University College London spins out ReRAM startup

March 14, 2018 // By Peter Clarke
Intrinsic Semiconductor Technologies Ltd. has been established to commercialize silicon-dioxide resistive RAM devices developed by Professor Tony Kenyon and Adnan Mehonic, at University College London.

UCL's research has followed a similar path to that of Professor James Tour at Rice University, which is also based on the ability to switch the resistance of thin layers of silicon oxide (see UK researchers follow silicon-oxide ReRAM route and Rice University: Making memory out of silicon oxide). Professor Tour's work has been instrumental in the formation of Weebit Nano Ltd. (see Weebit moves SiOx ReRAM on to 40nm).

Intrinsic is led by Vassilios Albanis, business manager at the UCL Business incubation service, while Professor Kenyon serves as chief scientific officer and Mehonic is chief technology officer.

Silicon dioxide is used extensively as an insulator in IC fabrication but the ability to switch resistance of very thin layers of the material with low energy and make it a conductor with a higher cycling endurance than flash memory makes it a highly promising candidate for ReRAM.

Intrinsic's approach is based on the formation of nanometre-scale conductive filaments within the SiOx. These filaments can then be made and broken through the application of voltages of less than 1.5V. The technology can also be tuned for specific applications such as: embedded memory where it offers low power, cycling endurance and scalablity; automotive applications where its high temperature operation is valued; aerospace where it offers radiation hardness; and machine learning and neuromorphic computing.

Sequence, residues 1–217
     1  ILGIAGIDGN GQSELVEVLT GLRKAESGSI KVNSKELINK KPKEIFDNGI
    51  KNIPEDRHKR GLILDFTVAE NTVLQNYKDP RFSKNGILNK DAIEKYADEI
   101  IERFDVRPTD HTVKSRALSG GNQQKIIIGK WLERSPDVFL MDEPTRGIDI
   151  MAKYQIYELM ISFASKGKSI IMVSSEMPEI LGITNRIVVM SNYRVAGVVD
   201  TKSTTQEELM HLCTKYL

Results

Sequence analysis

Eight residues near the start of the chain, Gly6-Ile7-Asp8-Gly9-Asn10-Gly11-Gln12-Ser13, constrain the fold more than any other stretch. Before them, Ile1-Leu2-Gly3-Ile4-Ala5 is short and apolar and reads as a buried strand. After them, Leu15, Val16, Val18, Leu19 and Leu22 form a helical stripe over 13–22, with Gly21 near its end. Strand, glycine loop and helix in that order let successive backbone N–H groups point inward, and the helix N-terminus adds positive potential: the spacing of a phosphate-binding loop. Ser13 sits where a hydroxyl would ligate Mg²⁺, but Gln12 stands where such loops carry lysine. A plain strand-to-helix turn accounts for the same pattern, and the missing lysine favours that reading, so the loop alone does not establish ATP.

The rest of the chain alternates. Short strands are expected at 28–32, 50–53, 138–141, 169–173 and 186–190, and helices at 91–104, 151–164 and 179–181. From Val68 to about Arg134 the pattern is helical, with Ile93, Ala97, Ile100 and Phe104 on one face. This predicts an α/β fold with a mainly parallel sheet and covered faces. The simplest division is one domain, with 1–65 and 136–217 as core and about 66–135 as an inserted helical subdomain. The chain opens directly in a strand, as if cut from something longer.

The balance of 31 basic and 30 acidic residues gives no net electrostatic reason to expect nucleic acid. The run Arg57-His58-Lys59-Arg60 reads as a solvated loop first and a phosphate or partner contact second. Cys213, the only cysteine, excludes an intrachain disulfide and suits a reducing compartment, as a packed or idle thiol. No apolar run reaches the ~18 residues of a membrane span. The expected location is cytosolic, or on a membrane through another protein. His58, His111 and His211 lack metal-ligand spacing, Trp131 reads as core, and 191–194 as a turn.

For machine learning where matrix multiplication is used in the implementation of neural networks there is the prospect that simple cross-point geometry can provide tailored precision and accuracy at low power with a memory-centric architecture. Intrinsic's devices also display characteristics associated with neurons that can be used in neuromorphic computing. These include synaptic plasticity, spiking behaviour, the ability to process spike-encoded data; thresholding and integration functions.

Next: From embedded memory to neuromorphic systems